But enough about that. I usually include a section on my general health in these posts, so I’m going to do that now. I started the year at around 135 pounds. I’ve gradually gained some weight this year, ending up at around 140. I’m trying to hold the line there. I set 140 as my goal weight in Lose It, so any time I go over it, my calorie budget is adjusted down a bit and I eat a bit less until I’m back under. I’d dropped down to 130 pounds briefly in 2020, without actually trying. Since then, it’s just been going up though. I guess it’s mostly due to my habit of going out for a cappuccino and a cookie in the afternoon on most weekdays. There are now three good places to get cookies here in downtown Somerville: Lucid Coffee, Blue Sheep Bake Shop, and Epic Cookies. So that’s kind of a problem. But it’s not a huge one. I’m managing to hold the line at 140. And even if I let myself go to 150, that would still leave me with a healthy BMI.

I’ve been doing OK on exercise. I take a walk outside almost every day. I started doing some yoga recently too, though I haven’t stuck with it. I’ve just been doing it on mornings when it’s too cold out for a walk. According to the iOS Health app, I’ve averaged 49 minutes of exercise per day over the last year, and 491 calories on my “move” ring. My move goal was 500 over the summer, when I was doing a lot of walking, and it’s 450 now. I generally hit my exercise goal most days, and the move goal 4 or 5 days each week.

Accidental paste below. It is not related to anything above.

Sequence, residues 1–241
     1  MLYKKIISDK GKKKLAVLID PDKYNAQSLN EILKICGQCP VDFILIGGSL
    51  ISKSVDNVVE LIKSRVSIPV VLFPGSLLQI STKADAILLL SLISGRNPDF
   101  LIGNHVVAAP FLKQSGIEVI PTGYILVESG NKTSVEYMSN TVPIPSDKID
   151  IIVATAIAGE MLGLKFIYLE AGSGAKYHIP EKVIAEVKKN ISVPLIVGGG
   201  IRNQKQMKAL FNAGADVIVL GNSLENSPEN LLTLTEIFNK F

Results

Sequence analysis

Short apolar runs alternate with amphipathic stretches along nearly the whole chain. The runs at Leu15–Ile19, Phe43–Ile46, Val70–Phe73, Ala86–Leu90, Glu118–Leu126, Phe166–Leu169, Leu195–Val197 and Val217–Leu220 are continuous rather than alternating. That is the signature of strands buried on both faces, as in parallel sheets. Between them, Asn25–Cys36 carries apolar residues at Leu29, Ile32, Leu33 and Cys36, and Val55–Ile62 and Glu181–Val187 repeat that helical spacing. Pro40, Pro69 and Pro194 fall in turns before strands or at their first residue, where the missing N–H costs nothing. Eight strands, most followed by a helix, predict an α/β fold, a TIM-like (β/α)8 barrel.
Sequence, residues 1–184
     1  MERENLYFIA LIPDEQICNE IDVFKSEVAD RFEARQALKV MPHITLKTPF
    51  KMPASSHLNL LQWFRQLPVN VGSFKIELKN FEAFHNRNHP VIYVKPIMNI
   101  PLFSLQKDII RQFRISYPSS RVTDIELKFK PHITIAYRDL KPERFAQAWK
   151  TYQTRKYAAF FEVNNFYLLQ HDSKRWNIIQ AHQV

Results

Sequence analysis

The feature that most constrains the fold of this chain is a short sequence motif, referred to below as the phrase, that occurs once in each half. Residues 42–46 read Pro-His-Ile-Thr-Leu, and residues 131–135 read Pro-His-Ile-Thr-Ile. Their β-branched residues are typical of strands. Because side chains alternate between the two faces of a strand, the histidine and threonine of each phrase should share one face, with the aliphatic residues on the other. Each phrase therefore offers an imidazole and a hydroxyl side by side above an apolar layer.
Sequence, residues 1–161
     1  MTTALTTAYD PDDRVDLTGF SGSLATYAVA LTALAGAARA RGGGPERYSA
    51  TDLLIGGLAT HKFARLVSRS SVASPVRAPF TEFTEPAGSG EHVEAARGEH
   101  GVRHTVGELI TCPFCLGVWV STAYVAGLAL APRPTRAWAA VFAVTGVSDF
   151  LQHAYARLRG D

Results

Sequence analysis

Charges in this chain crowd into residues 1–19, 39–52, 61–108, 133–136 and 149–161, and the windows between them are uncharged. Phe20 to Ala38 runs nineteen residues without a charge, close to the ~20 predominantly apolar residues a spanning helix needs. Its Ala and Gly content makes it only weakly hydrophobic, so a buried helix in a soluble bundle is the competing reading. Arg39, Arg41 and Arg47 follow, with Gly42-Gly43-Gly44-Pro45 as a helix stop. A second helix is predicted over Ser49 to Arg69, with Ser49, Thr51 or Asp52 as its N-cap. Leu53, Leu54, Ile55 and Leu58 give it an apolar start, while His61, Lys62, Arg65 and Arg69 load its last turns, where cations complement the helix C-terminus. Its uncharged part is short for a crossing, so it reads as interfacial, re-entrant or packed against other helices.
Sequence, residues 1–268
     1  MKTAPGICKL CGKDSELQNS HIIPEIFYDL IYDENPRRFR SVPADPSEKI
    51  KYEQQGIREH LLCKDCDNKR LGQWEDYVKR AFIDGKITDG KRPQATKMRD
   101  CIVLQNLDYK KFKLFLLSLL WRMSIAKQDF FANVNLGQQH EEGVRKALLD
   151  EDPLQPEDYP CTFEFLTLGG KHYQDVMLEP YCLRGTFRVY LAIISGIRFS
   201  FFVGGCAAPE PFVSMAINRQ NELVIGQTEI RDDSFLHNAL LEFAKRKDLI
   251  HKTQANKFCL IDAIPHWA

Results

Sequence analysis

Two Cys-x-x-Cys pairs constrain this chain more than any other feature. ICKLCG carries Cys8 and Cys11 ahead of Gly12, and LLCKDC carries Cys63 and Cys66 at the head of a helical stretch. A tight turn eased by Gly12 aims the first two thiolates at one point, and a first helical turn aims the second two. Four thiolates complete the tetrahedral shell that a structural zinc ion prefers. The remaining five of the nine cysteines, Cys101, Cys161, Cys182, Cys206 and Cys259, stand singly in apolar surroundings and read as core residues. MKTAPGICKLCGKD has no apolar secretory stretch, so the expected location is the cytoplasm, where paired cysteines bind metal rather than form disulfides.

I’ve continued meditating on a fairly regular basis. I’ve been using Calm all year, and generally do one of their 10 minute meditations every weekday, alternating between their two regular features, the Daily Calm and the Daily Trip. I signed up for a lifetime sub with them during their Black Friday sale, as I’ve mentioned previously. I’ve occasionally tried to get a streak going, meditating every day. The longest I’ve managed is 40 days, from November 1 to December 10. I’m not overly concerned with getting to a point where I meditate every single day, as long as I’m doing it more often than not, but it’s fun to try to see how long I can keep a streak going.